Should I fire this technical co-founder?

I am a well-recognized expert in a field. Over several years I have built a very solid rolodex and worked with several prospective customers to outline a commercial SaaS product. When time came to deliver I did not want to seek outside funding, so instead searched for a technical co-founder to execute. I ran a wide search and found one that seemed to fit the mold: previous experience as a founder, worked at name brand bay area software companies, experience in big data, etc.

We ran a trial period, got along well, and agreed on a 3-month period where he would phase out his full-time role at his current employer before he jumped in with both feet. During that ramp up he would commit part-time engineering to build the product.

He started part-time work in February with a jump date of June. As someone with famaliarity to coding (I build front end perfectly fine), I expected the product to take a full-time, full-stack engineer 6-8 weeks to complete. I verified scope and timelines with full-stack friends at Facebook, Google, et. al. Given a part-time effort I doubled the expected timelines.

In June, we had customers waiting for the product and it had not yet been completed. Further, he pushed back his start date until July. Once he left his job – though to be honest I have no real way of verifying this since we work remotely – he took a week off for his bachelor’s party.

Delays continued, and we kept having to cancel orders to customers. Despite the set backs that, at least to me, fall squarely on his shoulders, he takes a 3-week honeymoon and has not corresponded at all during the first five days away.

It is now nearly November. He’s had 5 months of part-time work and at least 3 months of full-time work. There are a couple scenarios running through my mind

1) The guy is legitimately crazy, even though his peers vouched for his abilities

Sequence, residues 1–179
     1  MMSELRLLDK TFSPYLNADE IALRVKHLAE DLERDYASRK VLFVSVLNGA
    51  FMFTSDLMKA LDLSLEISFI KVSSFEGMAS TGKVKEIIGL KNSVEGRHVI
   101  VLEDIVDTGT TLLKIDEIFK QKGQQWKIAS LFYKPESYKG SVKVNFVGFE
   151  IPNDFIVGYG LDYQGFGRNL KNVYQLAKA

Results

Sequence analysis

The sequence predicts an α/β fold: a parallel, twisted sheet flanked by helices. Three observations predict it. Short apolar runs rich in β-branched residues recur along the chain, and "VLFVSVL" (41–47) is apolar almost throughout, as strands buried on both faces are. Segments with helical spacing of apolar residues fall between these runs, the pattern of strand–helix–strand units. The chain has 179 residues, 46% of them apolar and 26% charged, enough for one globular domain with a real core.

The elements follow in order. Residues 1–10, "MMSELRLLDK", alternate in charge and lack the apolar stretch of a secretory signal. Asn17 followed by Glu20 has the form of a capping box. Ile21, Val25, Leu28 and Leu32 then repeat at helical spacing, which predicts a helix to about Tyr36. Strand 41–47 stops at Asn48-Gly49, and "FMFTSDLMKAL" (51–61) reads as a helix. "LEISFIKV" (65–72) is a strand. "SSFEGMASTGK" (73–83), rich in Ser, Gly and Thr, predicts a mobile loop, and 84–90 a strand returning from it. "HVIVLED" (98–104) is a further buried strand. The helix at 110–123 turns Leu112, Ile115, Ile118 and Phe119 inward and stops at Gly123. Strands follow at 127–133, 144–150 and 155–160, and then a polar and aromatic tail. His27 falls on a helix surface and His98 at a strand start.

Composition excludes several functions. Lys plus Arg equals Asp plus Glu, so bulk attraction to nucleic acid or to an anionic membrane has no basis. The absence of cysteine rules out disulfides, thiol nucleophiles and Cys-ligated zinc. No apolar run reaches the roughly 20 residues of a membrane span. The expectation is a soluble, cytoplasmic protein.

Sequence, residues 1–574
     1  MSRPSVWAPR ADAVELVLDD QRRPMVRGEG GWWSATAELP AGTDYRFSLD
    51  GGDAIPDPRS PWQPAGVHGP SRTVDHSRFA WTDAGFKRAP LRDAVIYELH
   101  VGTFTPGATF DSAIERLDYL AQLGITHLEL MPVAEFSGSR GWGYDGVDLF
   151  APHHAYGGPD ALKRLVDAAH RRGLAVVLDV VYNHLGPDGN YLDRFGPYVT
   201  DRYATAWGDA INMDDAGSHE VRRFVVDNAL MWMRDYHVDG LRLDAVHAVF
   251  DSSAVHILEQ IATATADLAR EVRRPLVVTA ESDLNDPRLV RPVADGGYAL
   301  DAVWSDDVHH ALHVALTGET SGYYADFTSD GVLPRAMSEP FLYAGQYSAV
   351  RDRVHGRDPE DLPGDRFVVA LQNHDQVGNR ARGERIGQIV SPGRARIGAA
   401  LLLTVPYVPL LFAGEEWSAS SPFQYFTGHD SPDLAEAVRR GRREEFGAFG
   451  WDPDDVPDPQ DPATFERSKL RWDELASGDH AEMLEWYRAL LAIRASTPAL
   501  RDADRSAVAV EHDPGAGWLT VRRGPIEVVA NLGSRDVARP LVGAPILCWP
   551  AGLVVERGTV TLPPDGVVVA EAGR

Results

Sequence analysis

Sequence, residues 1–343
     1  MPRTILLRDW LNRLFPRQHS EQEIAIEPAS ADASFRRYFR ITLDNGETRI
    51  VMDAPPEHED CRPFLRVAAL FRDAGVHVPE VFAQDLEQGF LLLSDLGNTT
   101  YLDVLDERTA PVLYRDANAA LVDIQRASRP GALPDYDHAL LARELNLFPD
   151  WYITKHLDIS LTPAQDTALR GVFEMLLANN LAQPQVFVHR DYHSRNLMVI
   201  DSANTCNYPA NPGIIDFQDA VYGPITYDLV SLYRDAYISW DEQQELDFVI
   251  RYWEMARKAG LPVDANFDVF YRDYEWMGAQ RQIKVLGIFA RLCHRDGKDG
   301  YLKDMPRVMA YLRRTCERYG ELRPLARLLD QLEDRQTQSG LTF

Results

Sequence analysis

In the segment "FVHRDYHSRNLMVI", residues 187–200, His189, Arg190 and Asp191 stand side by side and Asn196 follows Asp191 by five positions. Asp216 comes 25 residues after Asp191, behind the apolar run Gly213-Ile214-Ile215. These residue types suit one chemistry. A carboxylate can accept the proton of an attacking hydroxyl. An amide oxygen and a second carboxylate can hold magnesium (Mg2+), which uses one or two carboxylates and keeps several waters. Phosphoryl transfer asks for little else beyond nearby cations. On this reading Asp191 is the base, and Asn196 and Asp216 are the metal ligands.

2) He hasn’t actually quit his job and that explains missing deliveries

3) I’m crazy for letting this happen this long

I’ve been advised by VC friends that the best approach is to bring in a neutral third party, let them hear from both of us, and basically make this engineer confront the facts.

I’d be grateful for any constructive feedback, including running this process and if my position is unwarranted: have I lost it or is his behavior totally unfit for a startup?


  • I was in a similar situation, but didn’t have the development background or knowledge to intelligently challenge him on it like you do. Bought into the delays and excuses until the bitter end.

    Looking back, I can say that sticking with my developer, in spite of the clear signs, was the worst decision I made.

    Don’t be afraid to move on like I was.

  • First find out if he has quit, that should be your biggest red flag. You should be able to call his job and ask for HR, just pose as mortgage underwriter looking for job verification.

    If he has left, then the marriage stuff has put his and your priorities out of alignment. The neutral 3rd party is a good option.

    Also, as a technical co-founder, I’ve run in to numerous technical people that can’t “complete” a project or an MVP. Their brains don’t work like a business with deadlines and orders needs to operate. The project is never complete and is always missing something.

    Good luck. Keep your head up and keep grinding.